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CUs generators in disaster area depend on fuel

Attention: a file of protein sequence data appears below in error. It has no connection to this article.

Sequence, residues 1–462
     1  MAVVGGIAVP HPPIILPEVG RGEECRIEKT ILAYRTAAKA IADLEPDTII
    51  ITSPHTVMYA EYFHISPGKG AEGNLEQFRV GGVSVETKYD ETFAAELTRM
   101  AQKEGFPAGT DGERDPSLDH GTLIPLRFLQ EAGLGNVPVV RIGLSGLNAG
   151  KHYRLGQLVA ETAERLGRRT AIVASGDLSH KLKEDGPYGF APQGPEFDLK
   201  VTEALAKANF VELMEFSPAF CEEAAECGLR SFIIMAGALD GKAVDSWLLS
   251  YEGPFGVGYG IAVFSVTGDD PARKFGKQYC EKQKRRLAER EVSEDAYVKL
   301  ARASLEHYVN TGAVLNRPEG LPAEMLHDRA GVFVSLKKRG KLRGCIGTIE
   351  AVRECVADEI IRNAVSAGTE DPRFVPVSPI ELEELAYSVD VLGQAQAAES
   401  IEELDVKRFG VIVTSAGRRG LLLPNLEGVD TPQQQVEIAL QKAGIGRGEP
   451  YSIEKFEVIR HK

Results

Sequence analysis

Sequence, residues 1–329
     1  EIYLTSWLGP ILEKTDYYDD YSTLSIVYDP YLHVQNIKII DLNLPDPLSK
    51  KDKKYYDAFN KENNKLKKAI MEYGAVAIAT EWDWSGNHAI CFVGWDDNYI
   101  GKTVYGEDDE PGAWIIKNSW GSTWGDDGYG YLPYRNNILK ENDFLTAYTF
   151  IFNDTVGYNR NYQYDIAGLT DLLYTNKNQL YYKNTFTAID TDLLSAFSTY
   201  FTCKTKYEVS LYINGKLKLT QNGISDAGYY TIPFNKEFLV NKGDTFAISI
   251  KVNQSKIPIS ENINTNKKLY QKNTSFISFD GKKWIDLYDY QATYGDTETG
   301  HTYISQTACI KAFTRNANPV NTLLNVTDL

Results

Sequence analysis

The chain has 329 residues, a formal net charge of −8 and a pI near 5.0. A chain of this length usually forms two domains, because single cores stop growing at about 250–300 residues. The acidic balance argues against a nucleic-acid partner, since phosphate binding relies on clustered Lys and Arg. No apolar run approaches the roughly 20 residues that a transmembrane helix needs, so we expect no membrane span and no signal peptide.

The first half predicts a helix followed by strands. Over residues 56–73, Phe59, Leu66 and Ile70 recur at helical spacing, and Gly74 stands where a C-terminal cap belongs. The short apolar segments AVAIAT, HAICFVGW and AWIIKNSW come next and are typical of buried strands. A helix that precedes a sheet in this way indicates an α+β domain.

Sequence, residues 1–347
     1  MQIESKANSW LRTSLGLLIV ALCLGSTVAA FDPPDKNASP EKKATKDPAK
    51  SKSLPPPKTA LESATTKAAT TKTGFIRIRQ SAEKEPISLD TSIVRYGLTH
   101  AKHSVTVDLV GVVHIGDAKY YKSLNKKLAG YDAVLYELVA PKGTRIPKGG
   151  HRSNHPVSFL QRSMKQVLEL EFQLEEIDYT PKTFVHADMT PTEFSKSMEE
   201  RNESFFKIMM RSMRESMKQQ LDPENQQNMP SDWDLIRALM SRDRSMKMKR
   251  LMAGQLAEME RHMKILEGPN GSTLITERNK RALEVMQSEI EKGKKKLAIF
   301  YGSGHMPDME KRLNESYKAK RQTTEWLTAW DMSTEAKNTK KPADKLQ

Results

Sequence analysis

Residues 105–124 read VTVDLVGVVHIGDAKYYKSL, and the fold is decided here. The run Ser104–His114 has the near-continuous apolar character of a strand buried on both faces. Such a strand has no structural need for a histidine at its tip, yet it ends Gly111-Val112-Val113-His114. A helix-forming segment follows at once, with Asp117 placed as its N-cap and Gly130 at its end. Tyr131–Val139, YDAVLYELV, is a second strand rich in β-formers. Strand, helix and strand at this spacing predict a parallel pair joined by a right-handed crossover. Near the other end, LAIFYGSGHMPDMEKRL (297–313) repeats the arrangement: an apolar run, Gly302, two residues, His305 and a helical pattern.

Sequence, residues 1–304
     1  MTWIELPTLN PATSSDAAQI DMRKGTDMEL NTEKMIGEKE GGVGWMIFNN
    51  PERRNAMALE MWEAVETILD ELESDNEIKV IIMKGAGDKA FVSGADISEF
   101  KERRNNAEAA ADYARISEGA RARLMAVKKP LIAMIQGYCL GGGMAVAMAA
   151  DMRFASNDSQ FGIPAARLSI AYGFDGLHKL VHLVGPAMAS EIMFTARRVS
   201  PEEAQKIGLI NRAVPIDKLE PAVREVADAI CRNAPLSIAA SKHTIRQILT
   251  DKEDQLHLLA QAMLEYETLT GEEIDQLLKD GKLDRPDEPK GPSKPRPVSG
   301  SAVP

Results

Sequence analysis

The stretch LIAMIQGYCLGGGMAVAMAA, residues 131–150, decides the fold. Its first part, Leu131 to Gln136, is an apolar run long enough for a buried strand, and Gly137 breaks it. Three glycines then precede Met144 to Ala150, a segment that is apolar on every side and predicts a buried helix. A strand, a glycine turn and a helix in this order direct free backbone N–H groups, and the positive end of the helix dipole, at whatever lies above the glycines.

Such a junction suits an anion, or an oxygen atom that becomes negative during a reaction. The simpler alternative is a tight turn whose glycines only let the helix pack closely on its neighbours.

FARMERS BRANCH, Texas (9/18/08)--Many credit unions' disaster recovery and business continuity plans involve relying on generators as an alternative power source. Generators run on fuel. And fuel doesn't get pumped without electricity. What happens if, like in Texas in the wake of Hurricane Ike, a huge power grid is down? "Without power other portions of the energy infrastructure are shut down, including reliable phone service and data lines, and Internet routers and hubs, and important services like gas stations, grocery stores, refineries, and all the other things we may take for granted," said Rick Grady, Texas Credit Union League, vice president of marketing, public relations and communications. "Thus, even though our members can operate their credit unions on generators, the generators need diesel fuel to operate," Grady said in an update on the status of credit unions Wednesday. "That fuel comes from jobbers who stop by the facility to fill the tank, or by individuals going to a gas station and filling a tank. Many of those jobbers and stations cannot pump fuel because their pumps operate on electricity," he said. "The same is true for running water, transportation systems, and elevators in high-rise buildings. So, we have a ways to go before the infrastructure stabilizes," Grady said. Near the Texas/Louisiana border, Hurricane Ike knocked down more than 100 transmission towers, damaged 272 substations and flooded the Sabine Power Station in Bridge City, driving snakes and animals into the plant, officials at Entergy Texas said (The New York Times Sept. 17). Around Houston, most high-voltage lines were intact. The main damage was to distribution lines in neighborhoods, said CenterPoint, another power company. On Tuesday, about 24 high voltage transmission lines --five of them running into Galveston, were still out of service. Caite Blount, vice president of student lending for Texas Dow Employees CU (TDECU) based in Lake Jackson, told News Now Wednesday afternoon that many credit unions and their branches are open but operating without air conditioning. "They're running generators," she said. "Gas is starting to come back into some parts of the area," she said. "We're starting to see more food and gas."


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